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How Sweatcoin is empowering stroke survivors

SR Times speaks with CEO of Sweatcoin, Anton Derlyatka, on how the app can give motivation to stroke survivors for their rehabilitation.



Sweatcoin is an app that encourages people to move more and was the most downloaded health and fitness app globally in 2022, with the app boasting over 140 million users.

Sweatcoin users can collect in-app currency that can be redeemed for branded products, digital services or donated to a selection of charities.

But how does it link to stroke?

We speak with Sweatcoin CEO, Anton Derlyatka on how the app can be of use to stroke survivors.

SR Times: What was the inspiration behind Sweatcoin?

Anton Derlyatka: “My co-founders and I were becoming increasingly troubled by the growing pandemic of inactivity. The world seems to be conspiring to make us less physically active. We saw more convenience, more delivery services and more home-working, leaving none of us immune.

“As a species, we are turning into the ‘blob’ people that we saw in the futuristic Wall-E kids film (one of my co-founder’s personal triggers!). This not only comes with personal health risks but with societal implications for productivity and the rapidly increasing cost burden on our health services, diabetes alone represents a £10bn annual cost to the NHS.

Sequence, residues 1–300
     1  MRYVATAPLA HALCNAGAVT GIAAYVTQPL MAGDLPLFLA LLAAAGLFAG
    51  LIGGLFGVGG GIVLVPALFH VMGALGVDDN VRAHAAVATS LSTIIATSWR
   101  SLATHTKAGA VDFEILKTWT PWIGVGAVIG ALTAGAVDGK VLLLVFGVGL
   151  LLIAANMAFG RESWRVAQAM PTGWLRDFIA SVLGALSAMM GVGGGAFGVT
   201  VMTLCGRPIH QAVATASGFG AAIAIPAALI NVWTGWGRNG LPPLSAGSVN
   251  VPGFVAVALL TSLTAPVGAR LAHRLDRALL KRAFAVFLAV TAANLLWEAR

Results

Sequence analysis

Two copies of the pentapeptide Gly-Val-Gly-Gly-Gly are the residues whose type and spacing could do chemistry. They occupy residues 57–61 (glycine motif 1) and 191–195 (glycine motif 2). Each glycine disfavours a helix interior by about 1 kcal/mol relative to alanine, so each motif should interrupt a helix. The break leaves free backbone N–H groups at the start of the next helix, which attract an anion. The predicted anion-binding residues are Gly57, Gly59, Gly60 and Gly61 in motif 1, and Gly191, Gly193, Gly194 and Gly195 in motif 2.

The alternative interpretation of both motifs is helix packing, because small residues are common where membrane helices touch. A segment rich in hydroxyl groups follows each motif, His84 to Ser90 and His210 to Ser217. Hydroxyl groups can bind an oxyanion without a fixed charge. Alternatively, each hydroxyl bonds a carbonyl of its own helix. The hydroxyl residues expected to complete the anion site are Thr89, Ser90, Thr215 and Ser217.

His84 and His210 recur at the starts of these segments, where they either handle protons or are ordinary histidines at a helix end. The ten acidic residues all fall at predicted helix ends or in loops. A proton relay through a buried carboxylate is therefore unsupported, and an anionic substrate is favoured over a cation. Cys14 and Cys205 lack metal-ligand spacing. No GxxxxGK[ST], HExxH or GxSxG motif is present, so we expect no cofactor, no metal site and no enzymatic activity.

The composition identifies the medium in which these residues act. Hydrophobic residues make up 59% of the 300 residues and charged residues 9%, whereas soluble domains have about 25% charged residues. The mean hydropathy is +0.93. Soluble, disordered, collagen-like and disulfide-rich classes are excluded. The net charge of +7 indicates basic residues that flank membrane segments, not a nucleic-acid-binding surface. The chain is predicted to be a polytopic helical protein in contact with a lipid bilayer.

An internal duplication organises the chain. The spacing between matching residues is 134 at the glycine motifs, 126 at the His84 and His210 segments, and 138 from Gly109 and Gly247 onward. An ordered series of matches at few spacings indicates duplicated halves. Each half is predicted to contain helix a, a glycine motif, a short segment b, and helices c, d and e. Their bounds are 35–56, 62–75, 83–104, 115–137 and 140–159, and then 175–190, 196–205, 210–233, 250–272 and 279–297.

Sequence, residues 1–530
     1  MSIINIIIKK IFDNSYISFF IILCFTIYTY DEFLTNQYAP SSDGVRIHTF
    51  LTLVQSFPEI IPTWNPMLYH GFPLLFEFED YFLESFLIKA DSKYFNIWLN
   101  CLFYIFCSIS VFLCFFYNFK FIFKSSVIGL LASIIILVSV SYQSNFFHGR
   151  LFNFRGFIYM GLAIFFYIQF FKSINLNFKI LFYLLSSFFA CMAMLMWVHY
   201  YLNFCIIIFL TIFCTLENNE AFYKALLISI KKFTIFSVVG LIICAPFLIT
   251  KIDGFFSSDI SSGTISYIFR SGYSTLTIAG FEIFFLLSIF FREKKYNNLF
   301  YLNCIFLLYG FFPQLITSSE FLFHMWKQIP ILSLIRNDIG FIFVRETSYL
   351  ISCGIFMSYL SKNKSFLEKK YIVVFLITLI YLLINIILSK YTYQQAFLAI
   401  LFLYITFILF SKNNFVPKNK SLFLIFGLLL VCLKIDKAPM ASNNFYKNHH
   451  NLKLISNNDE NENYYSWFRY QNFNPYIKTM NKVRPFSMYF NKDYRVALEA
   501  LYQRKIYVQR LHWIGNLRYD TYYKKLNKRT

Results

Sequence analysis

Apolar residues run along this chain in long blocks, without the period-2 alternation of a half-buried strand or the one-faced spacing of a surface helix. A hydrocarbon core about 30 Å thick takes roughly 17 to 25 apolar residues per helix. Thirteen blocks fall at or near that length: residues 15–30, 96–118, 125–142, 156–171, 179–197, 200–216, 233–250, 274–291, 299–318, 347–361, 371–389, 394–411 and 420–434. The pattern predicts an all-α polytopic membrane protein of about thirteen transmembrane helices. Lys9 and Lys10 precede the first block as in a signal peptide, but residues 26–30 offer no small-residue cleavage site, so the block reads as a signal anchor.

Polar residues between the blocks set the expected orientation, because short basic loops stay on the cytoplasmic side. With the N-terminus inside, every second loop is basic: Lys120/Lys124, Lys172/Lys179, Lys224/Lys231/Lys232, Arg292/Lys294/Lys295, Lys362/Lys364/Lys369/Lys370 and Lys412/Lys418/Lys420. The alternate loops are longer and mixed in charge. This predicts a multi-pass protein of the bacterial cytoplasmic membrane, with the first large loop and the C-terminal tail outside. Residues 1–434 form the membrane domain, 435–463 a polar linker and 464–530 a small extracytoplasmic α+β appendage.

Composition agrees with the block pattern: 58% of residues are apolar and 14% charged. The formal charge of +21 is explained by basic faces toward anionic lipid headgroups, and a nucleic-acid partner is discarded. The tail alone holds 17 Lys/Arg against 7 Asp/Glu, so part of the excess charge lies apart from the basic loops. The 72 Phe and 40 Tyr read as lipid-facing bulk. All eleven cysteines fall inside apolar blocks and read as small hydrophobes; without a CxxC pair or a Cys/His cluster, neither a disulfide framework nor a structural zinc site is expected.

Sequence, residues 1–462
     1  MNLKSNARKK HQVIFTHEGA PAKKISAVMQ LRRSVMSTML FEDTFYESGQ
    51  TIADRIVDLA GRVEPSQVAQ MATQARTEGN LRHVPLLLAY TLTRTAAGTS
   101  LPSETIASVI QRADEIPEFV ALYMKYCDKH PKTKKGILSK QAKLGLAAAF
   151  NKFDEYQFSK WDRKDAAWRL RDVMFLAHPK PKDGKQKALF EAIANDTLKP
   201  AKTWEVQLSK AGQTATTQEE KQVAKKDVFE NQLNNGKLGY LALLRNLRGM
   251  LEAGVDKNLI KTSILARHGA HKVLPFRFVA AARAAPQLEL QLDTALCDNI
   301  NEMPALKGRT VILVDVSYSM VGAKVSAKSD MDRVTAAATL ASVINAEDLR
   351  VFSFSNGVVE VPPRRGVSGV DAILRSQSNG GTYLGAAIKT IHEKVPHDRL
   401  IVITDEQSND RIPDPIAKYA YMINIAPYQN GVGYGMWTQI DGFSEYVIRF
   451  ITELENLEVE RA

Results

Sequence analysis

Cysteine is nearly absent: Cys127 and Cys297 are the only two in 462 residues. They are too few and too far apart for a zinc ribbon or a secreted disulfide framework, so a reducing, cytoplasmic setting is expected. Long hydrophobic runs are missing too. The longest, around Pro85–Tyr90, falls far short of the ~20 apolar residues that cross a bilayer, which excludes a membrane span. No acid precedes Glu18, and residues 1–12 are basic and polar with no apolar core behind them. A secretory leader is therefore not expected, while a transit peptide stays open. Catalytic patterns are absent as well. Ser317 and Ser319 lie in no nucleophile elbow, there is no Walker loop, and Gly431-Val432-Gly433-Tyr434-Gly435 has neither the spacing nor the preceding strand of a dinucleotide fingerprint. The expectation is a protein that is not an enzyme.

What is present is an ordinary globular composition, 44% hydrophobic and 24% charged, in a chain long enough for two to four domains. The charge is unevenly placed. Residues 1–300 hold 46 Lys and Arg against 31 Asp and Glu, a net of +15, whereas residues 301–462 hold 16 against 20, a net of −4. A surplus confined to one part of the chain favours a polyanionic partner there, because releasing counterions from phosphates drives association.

“We came together to hypothesise on the potential of providing behavioural ‘nudges’ for movement, a form of more immediate reward for movement than long-term health improvement.

“And so the idea of Sweatcoin, effectively ‘Airmiles for steps’, was born. Sweatcoin now has over 140 million users and aims to establish an economy of movement.

“By encouraging millions of people to walk more, the average overweight population declines, mental health improves, and overall well-being skyrockets. Sweatcoin believes in creating positive change across society and getting the world moving.”

Can you tell us about Sweatcoin’s technology and how it works?

AD: “Sweatcoin uses a unique verification algorithm pedometer to convert users’ steps into a digital currency called Sweatcoins, which can be spent on real goods and services from popular brands in the in-app marketplace. The app uses a mobile phone’s step sensor to track movement and eliminate false data.

“The Sweatcoin app has been built to effectively gamify walking for the everyday user by incorporating a number of competitive and fun elements. Features include the opportunity to compete with friends, ‘boosts’ that can be turned on during periods of exercise, competitive virtual ‘walkathons’ and clubs that can be joined to access exclusive offers and rewards.

“In addition, the app includes a ‘Sweatcoin for Good’ zone, which enables users to find out more about the work of a wide range of different charities – from Save the Children to WWF and to ‘donate their steps’ to a cause they care about.

“Premium users can turbo-charge their steps and double the number of Sweatcoins they can generate through an annual subscription (£24.99).”

How does your technology help stroke survivors?